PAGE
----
The Federal Government Tuesday filed charges against businessman and media proprietor, Raymond Dokpesi before the Federal high Court, Abuja in relation to his alleged receipt of about N2.1billion in the from the last administration from funds meant for the purchase of arms.
The charge was filed by the Economic and Financial Crimes Commission (EFCC) has six counts. It is marked: FHC/ABJ/CR/380/2015.
Dokpesi is charged along with his company – Daar Holding and Investment Limited.
They are accused of violating the Money Laundering Act, the EFCC Act and the Public Procurement Act. The charge is yet to be assigned to any judge for hearing.
Dokpesi is the second person to be charged among some highly placed Nigerians accused of involvement in the mismanagement funds meant for the purchase of military wares under the Goodluck Jonathan administration.
Already, a former National Security Adviser (NSA), Sambo Mohammed Dasuki is being tried before the Federal High Court, Abuja for illegal possession of firearms and money laundering.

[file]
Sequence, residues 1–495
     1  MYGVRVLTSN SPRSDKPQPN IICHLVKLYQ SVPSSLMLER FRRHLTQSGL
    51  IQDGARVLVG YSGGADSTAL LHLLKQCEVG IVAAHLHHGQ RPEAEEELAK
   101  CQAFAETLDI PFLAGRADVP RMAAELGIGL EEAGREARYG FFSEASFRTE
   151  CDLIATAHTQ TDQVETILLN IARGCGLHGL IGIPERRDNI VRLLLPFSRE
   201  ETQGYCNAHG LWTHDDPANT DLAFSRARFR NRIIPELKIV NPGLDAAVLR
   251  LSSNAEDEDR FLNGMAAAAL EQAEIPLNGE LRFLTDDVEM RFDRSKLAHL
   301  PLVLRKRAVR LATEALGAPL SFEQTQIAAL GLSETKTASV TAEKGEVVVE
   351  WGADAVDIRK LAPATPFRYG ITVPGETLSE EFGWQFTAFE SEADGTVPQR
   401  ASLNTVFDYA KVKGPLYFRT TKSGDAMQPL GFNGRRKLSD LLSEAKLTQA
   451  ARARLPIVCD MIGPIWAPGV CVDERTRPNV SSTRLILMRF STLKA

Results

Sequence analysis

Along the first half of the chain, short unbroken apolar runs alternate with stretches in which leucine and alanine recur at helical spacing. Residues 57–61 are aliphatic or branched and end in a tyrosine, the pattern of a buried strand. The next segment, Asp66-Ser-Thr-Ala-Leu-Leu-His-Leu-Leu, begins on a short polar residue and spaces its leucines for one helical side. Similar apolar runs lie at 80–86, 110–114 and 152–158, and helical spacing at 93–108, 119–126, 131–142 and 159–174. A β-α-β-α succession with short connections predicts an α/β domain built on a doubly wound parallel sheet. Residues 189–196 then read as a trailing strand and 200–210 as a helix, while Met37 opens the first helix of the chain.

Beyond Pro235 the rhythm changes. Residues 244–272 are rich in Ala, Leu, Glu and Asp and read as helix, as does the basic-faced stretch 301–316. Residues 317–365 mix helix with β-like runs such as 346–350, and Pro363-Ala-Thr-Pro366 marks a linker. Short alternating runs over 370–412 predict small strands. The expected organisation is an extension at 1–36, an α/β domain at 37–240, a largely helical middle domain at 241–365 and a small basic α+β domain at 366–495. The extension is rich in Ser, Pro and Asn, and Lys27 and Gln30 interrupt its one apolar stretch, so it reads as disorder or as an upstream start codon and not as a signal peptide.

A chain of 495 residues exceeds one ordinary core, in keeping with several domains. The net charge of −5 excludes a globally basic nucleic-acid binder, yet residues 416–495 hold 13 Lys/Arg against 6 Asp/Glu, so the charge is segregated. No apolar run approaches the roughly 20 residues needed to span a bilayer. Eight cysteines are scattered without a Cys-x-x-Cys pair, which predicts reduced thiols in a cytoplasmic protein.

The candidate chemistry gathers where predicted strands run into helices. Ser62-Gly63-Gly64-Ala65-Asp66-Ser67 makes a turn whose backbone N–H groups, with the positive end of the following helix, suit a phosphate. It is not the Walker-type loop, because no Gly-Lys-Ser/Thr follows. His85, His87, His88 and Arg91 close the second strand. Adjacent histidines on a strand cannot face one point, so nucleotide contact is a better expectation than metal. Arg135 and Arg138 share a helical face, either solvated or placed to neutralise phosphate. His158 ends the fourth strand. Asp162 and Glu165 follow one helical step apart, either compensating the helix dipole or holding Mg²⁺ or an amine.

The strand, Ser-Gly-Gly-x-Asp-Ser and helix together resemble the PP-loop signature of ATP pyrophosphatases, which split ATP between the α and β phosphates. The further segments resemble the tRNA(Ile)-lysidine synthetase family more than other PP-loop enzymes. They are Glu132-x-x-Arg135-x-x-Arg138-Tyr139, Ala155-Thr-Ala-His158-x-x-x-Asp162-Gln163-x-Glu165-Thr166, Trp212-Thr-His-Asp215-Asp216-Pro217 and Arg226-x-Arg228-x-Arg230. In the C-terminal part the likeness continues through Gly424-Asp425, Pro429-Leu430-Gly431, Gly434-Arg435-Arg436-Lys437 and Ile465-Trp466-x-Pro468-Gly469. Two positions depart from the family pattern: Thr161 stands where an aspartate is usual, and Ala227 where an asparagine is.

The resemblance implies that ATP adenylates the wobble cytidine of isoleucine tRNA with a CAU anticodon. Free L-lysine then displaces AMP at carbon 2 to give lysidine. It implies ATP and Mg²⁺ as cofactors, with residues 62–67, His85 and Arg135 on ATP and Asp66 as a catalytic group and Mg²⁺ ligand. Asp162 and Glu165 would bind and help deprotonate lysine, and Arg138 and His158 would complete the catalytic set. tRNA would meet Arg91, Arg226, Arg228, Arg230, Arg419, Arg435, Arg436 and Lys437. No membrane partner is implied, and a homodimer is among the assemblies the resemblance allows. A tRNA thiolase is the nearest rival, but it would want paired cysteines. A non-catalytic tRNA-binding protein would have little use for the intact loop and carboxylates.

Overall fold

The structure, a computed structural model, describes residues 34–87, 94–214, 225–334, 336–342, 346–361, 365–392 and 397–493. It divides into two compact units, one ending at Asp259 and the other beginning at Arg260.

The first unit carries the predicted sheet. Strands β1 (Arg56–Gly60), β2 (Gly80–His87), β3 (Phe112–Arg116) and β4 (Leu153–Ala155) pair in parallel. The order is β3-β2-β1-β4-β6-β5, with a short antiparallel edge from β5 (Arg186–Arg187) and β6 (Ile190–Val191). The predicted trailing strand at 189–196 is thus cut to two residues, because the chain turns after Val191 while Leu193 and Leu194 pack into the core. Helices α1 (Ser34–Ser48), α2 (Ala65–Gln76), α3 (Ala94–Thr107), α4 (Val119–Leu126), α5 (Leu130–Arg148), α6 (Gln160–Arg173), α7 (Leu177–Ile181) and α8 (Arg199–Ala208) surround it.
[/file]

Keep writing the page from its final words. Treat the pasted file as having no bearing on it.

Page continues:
Ozekhome, who told journalists what happened in the judge’s chambers, said the judge also ordered the EFCC to show cause why he should not grant Dokpesi’s prayer for unconditional or conditional bail.
Dokpesi had, in the application, prayed for an order compelling the respondent to produce the applicant who is presently in its custody or any other place of detention before this court on the date this application comes up for hearing.
He also sought an order admitting the applicant to bail on self recognisance or on such favourable and liberal terms as this court may deem fit to make in the circumstances of this case, pending the formal arraignment of the applicant before a court of law.
He hinged his prayers on the ground that no formal charge has been brought against him, over 48 hours after his detention.
The applicant said he went to honour a verbal invitation from officials of the EFCC on December 1 and had been detained since then after subjecting him to hours of “unprepared interrogation.”
He argued that the offences alleged against him “are ordinarily bailable.”
He promised not to jump bail, not to interfere with witnesses or the course of justice if any formal charge was filed against him.
He promised to attend court if eventually he is formally arraigned.
In a supporting affidavit, the applicant said he was arrested over his inability to honour an invitation by the office of the National Security Adviser (NSA) inviting Daar Investment and Holding Limited (an arm of Daar Communications Ltd) “for discussion on the supply and services rendered to the Office of the NSA.”